In the bosom of the afternoon the sun illuminated her like a conflagration in the engravings of an ornate Bible. Not all hares are alike, Jacinto, and it wasn’t her fur, believe me, that distinguished her from the other hares, not her Tartar eyes nor the whimsical shape of her ears. It was something that went far beyond what we humans call personality. The innumerable transmigrations of her soul had taught her to become invisible or visible at certain moments, in complicity with God or a few daring angels. For five minutes at noon she always paused at the same place in the countryside. Her ears standing straight up, she listened to something.
Even the deafening noise of a waterfall that scares birds away, or the crackling of a forest fire that terrifies the most fearless of animals, would not have made her eyes widen so; the unstable murmur of the world she remembered, populated with prehistoric animals, with temples that looked like parched trees, with wars whose aims were achieved by warriors only after those aims had already changed, had made the hare more capricious and more shrewd. One day she stopped, as usual, at the hour when the sun sinks over the trees so they no longer cast a shadow, and heard the barking not of one dog but of many, which were running through the countryside in a frenzy.
With a sudden leap, the hare crossed the road and began to run; the dogs ran after her in total disorder.
“Where are we going?” cried the hare, her voice trembling like lightning.
“To the end of your life,” cried the dogs, with dogs’ voices.
This is not a children’s story, Jacinto; though perhaps influenced by Jorge Alberto Orellana, who is seven years old and always demanding stories from me, I quote the words of the dogs and the hare, which enchant him. We know that a hare can be the accomplice of God and angels if she remains silent before mute interlocutors.
The dogs were not evil, but they had sworn to catch the hare just to kill her. The hare ran into the forest, where the leaves crackled noisily; she crossed a meadow, where the grasses were softly bending; she crossed a lawn with four statues of the seasons and a patio filled with flowers, where a few people were drinking coffee around a table. The women set down their cups to watch the frantic race, which destroyed the tablecloth, the oranges, the clusters of grapes, the plums, the bottles of wine as it passed. The hare was in first place, light as an arrow; the hairless in second; the black Dane in third; the big tiger-striped one in fourth; the sheepdog fifth; and the greyhound last. Five times the pack, running behind the hare, crossed the patio and trampled the flowers. On the second round, the hare was in second place, and the greyhound was still last. On the third round, the hare was in third place. The race continued through the patio; it crossed it twice more, until the hare was in last place. The dogs ran with their tongues hanging out and their eyes half closed. Then they began to run in circles, which grew larger or smaller as they sped up or slowed their steps. The black Dane had time to snatch up an alfajor or some other pastry, which he kept in his mouth until the end of the race.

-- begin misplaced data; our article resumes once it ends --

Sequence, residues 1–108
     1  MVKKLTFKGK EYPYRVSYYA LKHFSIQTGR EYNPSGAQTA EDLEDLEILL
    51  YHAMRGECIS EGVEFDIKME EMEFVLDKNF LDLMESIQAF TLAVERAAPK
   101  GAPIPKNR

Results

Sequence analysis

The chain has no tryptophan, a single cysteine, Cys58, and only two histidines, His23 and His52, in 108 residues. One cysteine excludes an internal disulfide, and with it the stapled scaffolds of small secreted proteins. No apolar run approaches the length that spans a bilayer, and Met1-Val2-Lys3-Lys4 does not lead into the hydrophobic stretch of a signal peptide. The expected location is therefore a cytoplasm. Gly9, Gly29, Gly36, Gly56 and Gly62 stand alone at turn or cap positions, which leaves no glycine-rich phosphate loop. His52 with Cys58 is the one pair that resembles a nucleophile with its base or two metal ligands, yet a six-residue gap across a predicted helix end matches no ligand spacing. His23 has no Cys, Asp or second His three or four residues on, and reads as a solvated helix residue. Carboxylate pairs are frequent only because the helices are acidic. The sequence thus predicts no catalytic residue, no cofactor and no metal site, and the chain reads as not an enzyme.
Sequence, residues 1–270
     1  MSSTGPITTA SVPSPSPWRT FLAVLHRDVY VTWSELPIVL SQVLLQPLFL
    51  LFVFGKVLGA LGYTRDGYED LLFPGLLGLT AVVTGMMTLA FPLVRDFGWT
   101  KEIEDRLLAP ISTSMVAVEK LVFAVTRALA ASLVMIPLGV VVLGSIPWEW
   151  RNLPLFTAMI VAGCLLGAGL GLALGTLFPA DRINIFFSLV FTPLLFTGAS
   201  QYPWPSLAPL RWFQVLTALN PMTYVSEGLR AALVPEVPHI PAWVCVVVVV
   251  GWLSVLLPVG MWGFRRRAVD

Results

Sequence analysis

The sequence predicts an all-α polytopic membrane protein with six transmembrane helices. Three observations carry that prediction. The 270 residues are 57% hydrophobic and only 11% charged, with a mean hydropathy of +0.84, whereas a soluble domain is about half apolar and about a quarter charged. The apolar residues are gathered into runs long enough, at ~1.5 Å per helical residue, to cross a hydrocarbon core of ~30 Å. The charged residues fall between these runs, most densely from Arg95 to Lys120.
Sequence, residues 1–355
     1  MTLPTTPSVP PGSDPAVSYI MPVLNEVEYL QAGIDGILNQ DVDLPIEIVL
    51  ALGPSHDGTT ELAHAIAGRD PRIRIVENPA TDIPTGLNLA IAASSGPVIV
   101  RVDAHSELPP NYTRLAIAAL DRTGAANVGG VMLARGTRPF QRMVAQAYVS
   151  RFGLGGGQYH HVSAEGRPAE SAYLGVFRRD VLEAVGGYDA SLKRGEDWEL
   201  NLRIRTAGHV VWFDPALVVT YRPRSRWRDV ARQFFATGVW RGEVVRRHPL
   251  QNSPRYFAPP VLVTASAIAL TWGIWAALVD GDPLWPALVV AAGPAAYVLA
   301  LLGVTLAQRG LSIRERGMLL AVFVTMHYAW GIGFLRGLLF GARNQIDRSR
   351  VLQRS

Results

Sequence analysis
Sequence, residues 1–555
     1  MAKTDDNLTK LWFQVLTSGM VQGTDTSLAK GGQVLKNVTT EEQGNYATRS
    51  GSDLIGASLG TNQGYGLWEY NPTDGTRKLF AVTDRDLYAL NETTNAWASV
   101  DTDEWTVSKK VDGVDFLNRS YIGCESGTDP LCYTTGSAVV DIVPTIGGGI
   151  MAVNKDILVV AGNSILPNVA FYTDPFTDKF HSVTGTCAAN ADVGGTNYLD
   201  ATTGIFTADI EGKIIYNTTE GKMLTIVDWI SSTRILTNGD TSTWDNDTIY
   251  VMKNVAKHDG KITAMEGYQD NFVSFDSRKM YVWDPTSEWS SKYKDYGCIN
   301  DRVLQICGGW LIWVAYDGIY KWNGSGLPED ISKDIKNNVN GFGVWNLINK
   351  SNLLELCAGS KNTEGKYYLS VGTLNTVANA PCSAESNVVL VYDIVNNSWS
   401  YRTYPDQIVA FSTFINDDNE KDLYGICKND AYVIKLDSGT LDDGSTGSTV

The hare cried to them, “Don’t run so much, not like that! We’re just taking a stroll.”
But the dogs didn’t hear her, because her voice was like the voice of the wind.
The dogs ran so much that they finally dropped, drained, near death, their tongues lolling out like long red cloths. The hare, with her lightning sweetness, drew near them, carrying damp clover in her snout, which she placed on the forehead of each of the dogs. The dogs revived.
“Who put cool water on our foreheads?” asked the largest dog. “And why didn’t he give us anything to drink?”
“Who caressed us with his whiskers?” wondered the smallest dog. “I thought they were flies.”
“Who licked our ears?” demanded the skinniest dog, trembling.
“Who saved our lives?” exclaimed the hare, looking all around.
“Something is different,” said the striped dog, chewing at a paw with great concentration. “It’s as if there were more of us.”
“It must be because we smell like hare,” said the hairless dog, scratching his ear. “It’s not the first time.”
The hare was sitting among her enemies. She had adopted a dog’s posture. For a moment, she was not sure if she was a dog or a hare.
“Who could that be, looking at us?” asked the black Dane, moving just one ear.
“Not one of us,” said the hairless dog, yawning.
“Whoever it is, I’m too tired to look at him,” sighed the striped dog.
Suddenly voices were heard calling, “Dragón, Sombra, Ayax, Lurón, Señor, Ayax.”
The dogs ran off and the hare remained motionless for a moment, alone, in the middle of the countryside. She twitched her nose three or four times, as if sniffing an aphrodisiac. God or something like God called to her, and the hare, perhaps revealing her immortality, fled in one bound.
Translation of “La liebre dorada.” Copyright Silvina Ocampo. By arrangement with the estate of Silvina Ocampo. Translation copyright 2010 by Andrea Rosenberg. All rights reserved.